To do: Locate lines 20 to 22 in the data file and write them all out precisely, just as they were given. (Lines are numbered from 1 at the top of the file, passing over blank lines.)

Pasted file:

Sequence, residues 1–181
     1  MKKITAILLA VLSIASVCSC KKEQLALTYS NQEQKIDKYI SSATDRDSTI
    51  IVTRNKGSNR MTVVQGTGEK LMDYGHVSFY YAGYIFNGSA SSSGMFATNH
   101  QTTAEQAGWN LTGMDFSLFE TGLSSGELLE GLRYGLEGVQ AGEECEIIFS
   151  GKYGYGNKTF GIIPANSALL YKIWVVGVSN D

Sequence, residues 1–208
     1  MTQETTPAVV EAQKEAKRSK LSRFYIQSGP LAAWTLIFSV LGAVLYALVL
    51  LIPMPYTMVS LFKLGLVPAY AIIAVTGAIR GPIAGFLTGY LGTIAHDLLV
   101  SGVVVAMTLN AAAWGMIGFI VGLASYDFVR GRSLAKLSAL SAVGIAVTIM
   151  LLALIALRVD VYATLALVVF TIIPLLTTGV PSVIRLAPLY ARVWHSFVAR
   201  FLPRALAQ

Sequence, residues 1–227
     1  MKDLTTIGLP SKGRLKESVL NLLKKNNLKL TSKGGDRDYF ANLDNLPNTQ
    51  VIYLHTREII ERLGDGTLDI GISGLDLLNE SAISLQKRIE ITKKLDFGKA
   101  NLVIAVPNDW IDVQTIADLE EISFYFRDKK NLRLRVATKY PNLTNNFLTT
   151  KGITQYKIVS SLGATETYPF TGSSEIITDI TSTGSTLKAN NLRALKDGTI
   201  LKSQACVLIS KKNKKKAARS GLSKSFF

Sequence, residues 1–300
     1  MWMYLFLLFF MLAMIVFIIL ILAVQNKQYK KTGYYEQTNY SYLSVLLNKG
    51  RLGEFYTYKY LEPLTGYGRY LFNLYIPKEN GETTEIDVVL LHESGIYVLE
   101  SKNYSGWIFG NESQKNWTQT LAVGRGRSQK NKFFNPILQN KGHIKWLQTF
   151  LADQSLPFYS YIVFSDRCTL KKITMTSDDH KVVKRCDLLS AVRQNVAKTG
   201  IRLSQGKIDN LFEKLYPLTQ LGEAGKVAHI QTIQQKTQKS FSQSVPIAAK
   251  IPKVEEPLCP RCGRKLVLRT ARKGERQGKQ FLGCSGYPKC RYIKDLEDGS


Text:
    51  RLGEFYTYKY LEPLTGYGRY LFNLYIPKEN GETTEIDVVL LHESGIYVLE
   101  SKNYSGWIFG NESQKNWTQT LAVGRGRSQK NKFFNPILQN KGHIKWLQTF
   151  LADQSLPFYS YIVFSDRCTL KKITMTSDDH KVVKRCDLLS AVRQNVAKTG